“When the plane landed, the pilot told everybody to stay in their seats,” Roxanne said. “‘We want to let some people off first.’ I wasn't even thinking it was us. We walked out and when I saw the line of police officers, I knew at that time that was it. I can still see them. As soon as they opened the door of the plane they had all these officers on the jetway. I knew. God had taken our baby from us.”
When the Simmonds family arrived at D.J.’s home after leaving the hospital later that night, they saw open books on top of his dining room table. He was studying for the sergeant’s exam.
“D.J. wanted to be the chief of police for Boston one day,” Nicole said. “I mean he wanted to go all the way in law enforcement – as far as he could.”
When the Simmons family received the Top Cop award in D.J.’s honor, President Obama mistook his father for a cop. He was wearing D.J.’s badge, as he would often do after his son’s passing.
It wasn’t until the Simmonds family received D.J.’s medical records that they realized his death was connected to his Watertown injuries. Thus began a years-long journey to get D.J. the recognition he deserved as the Boston bombing’s fifth victim. The family shared his story far and wide with the hope that the nation would acknowledge the officer passed away as a direct result of protecting Boston from the terror that tried – and failed – to break the city.
Finally, in May 2015, the state retirement board recognized D.J.’s passing as a line-of-duty death and awarded his family a one-time death benefit. A state medical panel’s report, which cited his persistent injuries from Watertown, factored into the decision. Later that same year, his name was added to the BPD’s memorial wall.
“We've tried to do everything we can to share D.J.'s story widely now because I really do believe that his story is one of inspiration – you see a young man who was focused on a goal and was able to achieve that goal. And I think because he passed away the year after, his story wasn't as widely told as the other victims,” Roxanne said.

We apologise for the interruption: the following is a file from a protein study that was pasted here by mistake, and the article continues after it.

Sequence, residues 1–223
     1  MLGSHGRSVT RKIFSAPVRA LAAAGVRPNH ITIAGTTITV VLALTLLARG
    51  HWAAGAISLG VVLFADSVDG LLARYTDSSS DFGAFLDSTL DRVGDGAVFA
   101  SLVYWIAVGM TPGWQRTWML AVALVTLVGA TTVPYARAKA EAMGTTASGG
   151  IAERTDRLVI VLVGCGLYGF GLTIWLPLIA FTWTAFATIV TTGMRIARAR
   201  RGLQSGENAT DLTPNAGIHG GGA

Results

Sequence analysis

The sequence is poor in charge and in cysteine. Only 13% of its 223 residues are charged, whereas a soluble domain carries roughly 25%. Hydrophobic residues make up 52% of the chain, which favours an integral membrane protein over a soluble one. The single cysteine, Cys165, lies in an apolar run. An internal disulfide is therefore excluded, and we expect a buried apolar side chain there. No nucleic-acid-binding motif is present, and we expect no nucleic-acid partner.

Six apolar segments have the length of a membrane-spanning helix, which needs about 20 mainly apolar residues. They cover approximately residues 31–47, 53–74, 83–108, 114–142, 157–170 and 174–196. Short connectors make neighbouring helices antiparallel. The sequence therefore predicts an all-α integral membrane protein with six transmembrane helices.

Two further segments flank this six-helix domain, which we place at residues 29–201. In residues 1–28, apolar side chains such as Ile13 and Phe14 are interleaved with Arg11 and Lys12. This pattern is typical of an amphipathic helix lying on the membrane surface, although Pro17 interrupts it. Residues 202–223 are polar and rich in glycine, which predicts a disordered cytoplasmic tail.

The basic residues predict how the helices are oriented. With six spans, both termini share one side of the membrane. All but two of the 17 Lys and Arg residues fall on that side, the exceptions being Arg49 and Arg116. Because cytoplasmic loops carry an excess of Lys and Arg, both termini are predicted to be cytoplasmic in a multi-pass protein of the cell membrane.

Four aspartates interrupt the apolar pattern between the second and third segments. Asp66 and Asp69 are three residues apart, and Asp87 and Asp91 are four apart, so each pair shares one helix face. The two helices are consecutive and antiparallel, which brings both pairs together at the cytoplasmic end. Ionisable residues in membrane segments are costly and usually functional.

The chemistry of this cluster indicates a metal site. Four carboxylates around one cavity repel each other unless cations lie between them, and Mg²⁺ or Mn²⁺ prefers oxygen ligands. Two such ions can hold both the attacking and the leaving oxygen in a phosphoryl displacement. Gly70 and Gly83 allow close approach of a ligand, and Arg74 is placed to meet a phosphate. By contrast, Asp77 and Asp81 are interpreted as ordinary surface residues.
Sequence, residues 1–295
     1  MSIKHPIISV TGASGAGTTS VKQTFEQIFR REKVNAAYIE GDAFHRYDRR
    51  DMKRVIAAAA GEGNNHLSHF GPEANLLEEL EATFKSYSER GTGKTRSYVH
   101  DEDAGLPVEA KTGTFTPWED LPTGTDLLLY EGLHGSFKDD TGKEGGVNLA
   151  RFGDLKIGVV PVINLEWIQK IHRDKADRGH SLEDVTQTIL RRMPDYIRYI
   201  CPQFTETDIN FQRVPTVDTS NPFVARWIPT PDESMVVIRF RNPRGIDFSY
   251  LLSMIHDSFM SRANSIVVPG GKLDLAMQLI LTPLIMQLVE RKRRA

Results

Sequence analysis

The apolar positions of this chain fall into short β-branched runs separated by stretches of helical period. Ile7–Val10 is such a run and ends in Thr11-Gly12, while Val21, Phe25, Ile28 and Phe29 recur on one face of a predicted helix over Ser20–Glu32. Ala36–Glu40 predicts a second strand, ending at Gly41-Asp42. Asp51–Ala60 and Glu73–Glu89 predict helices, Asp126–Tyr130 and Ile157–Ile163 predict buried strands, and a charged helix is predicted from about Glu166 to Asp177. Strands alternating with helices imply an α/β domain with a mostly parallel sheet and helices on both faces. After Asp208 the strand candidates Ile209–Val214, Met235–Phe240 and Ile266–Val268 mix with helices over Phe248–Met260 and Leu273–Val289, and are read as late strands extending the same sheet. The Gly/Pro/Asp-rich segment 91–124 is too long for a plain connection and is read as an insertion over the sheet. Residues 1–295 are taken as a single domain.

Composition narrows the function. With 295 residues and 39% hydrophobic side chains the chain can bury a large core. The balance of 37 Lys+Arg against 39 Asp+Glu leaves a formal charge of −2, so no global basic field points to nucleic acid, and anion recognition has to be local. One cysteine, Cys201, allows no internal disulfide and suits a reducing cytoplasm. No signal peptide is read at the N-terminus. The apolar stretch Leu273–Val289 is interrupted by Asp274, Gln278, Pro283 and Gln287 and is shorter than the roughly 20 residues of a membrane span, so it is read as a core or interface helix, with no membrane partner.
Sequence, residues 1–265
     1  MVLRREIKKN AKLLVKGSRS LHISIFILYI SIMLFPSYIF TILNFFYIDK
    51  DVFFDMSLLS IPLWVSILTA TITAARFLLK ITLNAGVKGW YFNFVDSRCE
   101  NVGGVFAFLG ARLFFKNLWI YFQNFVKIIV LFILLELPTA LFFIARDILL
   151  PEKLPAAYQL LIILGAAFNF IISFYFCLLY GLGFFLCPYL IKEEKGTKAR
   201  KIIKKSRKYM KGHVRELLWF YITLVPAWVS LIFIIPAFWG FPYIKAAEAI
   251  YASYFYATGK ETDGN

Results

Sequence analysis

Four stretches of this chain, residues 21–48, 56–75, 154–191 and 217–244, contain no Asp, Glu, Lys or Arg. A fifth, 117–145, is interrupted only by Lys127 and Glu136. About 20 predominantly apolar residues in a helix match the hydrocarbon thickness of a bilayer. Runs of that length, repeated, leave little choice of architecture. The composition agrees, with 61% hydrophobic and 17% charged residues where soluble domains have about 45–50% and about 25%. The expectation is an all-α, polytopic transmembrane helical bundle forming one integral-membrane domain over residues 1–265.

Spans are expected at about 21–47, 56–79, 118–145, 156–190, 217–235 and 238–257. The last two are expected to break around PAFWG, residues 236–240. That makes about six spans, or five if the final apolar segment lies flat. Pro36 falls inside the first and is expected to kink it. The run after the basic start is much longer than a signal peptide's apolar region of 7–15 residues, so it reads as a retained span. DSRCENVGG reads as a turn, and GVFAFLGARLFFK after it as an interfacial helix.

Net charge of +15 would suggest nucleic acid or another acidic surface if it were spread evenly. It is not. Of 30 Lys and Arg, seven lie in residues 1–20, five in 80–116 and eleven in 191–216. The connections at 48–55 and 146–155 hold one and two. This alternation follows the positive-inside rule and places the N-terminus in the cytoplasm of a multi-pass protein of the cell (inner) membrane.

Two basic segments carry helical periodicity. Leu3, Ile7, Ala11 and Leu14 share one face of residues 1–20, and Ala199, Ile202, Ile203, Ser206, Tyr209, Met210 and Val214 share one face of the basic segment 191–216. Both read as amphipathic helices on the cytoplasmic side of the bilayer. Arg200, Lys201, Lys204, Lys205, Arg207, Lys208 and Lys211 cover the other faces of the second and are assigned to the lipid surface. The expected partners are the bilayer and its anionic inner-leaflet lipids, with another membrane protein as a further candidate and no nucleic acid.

When “Patriots Day” – a film chronicling the BPD’s efforts to bring the Boston bombers to justice – premiered in late 2016, the Simmonds family was forced to go through the pain of D.J.’s unsung heroism all over again. At the end of the film, a list of the fallen did not include D.J.’s name.
“We just wanted to see that he was acknowledged – that he lost his life and he fought in that gun battle,” Roxanne said. “He and his partners fought in that gun battle. It devastated us. I know it might seem petty to some people, but I just felt like I let D.J. down. He was the only Boston police officer who died as a result of that – the only one – and you didn't acknowledge him? You couldn't put his name on there?”
GONE, BUT NOT FORGOTTEN
D.J.’s body is gone, but his spirit is very much alive. It’s in the Randolph High School gymnasium which was renamed in his honor. It’s in the Lasell College scholarship in his name for students pursuing a career in criminal justice and in the second criminal justice scholarship that was established for college-bound students. And it’s alive in the countless individuals across the nation who’ve reached out to the Simmonds family since his passing, touched by the story of their son’s bravery.
It’s in his uncle’s position as an auxiliary officer – a job he took in honor of the fallen hero. It’s in his colleagues at the gang unit, who carry D.J. in their hearts every day they serve the city of Boston. It’s in his badge, which his father still carries with him.
Roxanne and Nicole remember a lot of things about D.J. He was a strong athlete – captain of his high school basketball team who also had a knack for baseball and football; a sports obsessive that idolized Stephen A. Smith and could rattle off any sports statistic you threw at him; a diligent student loved by his teachers, who frequently visited his alma mater to impart wisdom to young criminal justice majors; an avid fisherman who couldn’t wait to catch the next big one with his dad; a young boy who developed a life-long love of the water and the beach during summer vacations at Martha’s Vineyard; a Bostonian who you couldn’t say a single word to when the Pats were playing on Sunday; an animal lover who’s Rottweiler, Kane, lives with the family to this day.
But what they want him to be remembered for most is the same thing he would have wanted to be remembered for: D.J. was a hero, running into that Watertown shootout just like he ran down those hallways during his childhood.
He was a protector, a guardian, a superhero. “Dun da da dah! Tunga Man!”